The following is an archived copy of a message sent to a Discussion List run by the Campaign Against Sanctions on Iraq.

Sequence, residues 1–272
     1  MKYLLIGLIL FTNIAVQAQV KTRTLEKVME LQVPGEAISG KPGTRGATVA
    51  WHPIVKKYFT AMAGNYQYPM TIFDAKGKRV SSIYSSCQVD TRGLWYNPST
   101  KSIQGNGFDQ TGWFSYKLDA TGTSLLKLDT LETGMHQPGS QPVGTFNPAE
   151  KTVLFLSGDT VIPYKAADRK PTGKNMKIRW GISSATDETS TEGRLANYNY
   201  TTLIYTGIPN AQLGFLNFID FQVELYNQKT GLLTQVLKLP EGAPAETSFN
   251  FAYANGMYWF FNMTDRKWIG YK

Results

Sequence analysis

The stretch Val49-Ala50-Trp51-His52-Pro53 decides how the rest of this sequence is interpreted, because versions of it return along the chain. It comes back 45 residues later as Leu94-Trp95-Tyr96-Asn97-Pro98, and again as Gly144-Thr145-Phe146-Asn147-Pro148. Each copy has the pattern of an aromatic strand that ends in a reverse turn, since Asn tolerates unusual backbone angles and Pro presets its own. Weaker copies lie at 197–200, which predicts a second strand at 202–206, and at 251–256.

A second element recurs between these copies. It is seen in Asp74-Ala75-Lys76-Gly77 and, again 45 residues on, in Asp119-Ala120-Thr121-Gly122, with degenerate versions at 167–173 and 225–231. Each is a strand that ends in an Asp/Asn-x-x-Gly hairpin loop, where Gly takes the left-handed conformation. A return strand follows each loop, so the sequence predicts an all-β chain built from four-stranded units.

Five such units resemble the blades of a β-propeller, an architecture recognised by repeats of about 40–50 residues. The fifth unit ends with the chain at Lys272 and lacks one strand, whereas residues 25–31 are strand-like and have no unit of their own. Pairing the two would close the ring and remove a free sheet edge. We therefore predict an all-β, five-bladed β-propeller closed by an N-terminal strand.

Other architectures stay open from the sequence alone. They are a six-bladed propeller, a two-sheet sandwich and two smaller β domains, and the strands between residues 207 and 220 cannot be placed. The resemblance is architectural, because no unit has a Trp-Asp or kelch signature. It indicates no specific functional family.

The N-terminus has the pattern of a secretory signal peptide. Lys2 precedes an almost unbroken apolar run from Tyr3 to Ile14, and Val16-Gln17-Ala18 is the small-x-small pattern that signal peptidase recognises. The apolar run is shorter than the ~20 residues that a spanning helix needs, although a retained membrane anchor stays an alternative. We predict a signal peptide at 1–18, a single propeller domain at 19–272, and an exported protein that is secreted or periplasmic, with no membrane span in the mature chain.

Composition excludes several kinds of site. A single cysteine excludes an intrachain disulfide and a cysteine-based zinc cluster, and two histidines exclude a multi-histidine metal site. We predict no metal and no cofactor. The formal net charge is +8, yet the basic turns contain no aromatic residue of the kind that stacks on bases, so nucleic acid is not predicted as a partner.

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With all due respect to Sayyid Nasrallah he, understandably, has a one-agenda policy. It is well documented that he has never mentioned the suffering of Iraqis under Saddam Hussein when he talks of the former dictator - because he doesn't want to infuriate his Palestinian supporters since this would damage his agenda. He's saying what his crowd wants to hear. ----- Original Message ----- From: "Mark Parkinson" <firstname.lastname@example.org> To: <email@example.com> Sent: Wednesday, September 03, 2003 10:02 PM Subject: Re: [casi] Bomb in Najaf has kills 82, including leading Shia - FT > On 29 Aug 2003 at 19:46, Yasser Alaskary wrote: > > > The fact that it was carried out next to the shrine of Imam Ali means > > it definitely was not a shi'ite group and not a religious sunni group. > > which leaves the primary suspects as saddam followers or wahabis. > > Nasrallah hints at another suspect or even collusion. > > http://188.8.131.52/gsnlib_a/GSN2003/2003_09/20030902/215947.html > > US, Israel stood to gain from Najaf bomb-Hizbollah > > 02.09.2003 1:32:00 Reuters World Report > > BEIRUT, Sept 1 (Reuters) - The leader of Lebanon's Hizbollah > guerrilla group told mourners massed in Beirut that the United States > and Israel had most to gain from the killing of a top Shi'ite cleric > in a car bombing last week in Iraq. > > "The Americans do not want a state in Iraq, they want a splintered > Iraq and the Israelis want to crush Iraq," Hizbollah leader Sheikh > Hassan Nasrallah told about 3,000 Shi'ites gathered in the city's > southern suburbs to mourn Mohammed Baqer al-Hakim. > > "For more than one reason it is in Israel's interests and part of its > plan to kill the leaders that present or even might present a danger > to Israel," Nasrallah said. > > The cleric stopped short of blaming Israel or its main ally the > United States directly for Hakim's killing on Friday in an attack in > Najaf, one of Shi'ite Islam's holiest cities, which killed more than > 80 people. > > Supporters who could not cram into the vast hall where Nasrallah > spoke watched him on television screens in the street outside, many > waving Hakim's picture or black flags. Iraqi mourners held banners > proclaiming their loyalty to Hizbollah. > > Nasrallah, whose Iranian-backed group helped drive Israel out of > southern Lebanon in 2000 after a 22-year occupation, said attacks > such as Hakim's killing or Israeli attacks on Palestinian militant > leaders would strengthen the Arabs. > > "In Palestine today, Israel has taken the decision to cross out the > leaders of Hamas and Islamic Jihad, the leaders of the uprising in > Palestine," Nasrallah said. > > "But this (Arab) nation, in its cultural, emotional and mental make- > up...when it is threatened with death is provoked and when it is > killed it awakens and resurges," he said. > > Nasrallah said such an awakening had started to take place in Iraq as > a result of the killing of Hakim, which was the deadliest attack > since the United States toppled Iraqi leader Saddam Hussein in April. > Washington and members of Iraq's U.S.-appointed governing council > have blamed Saddam loyalists for the attack. > > "Oh Americans and Zionists, no matter how much of our leaders' blood > you spill you cannot impose on us your tyranny or your projects," he > said. > > > > > Mark Parkinson > Bodmin > Cornwall > > > > _______________________________________________ > Sent via the discussion list of the Campaign Against Sanctions on Iraq. > To unsubscribe, visit http://lists.casi.org.uk/mailman/listinfo/casi-discuss > To contact the list manager, email firstname.lastname@example.org > All postings are archived on CASI's website: http://www.casi.org.uk > _______________________________________________ Sent via the discussion list of the Campaign Against Sanctions on Iraq. To unsubscribe, visit http://lists.casi.org.uk/mailman/listinfo/casi-discuss To contact the list manager, email email@example.com All postings are archived on CASI's website: http://www.casi.org.uk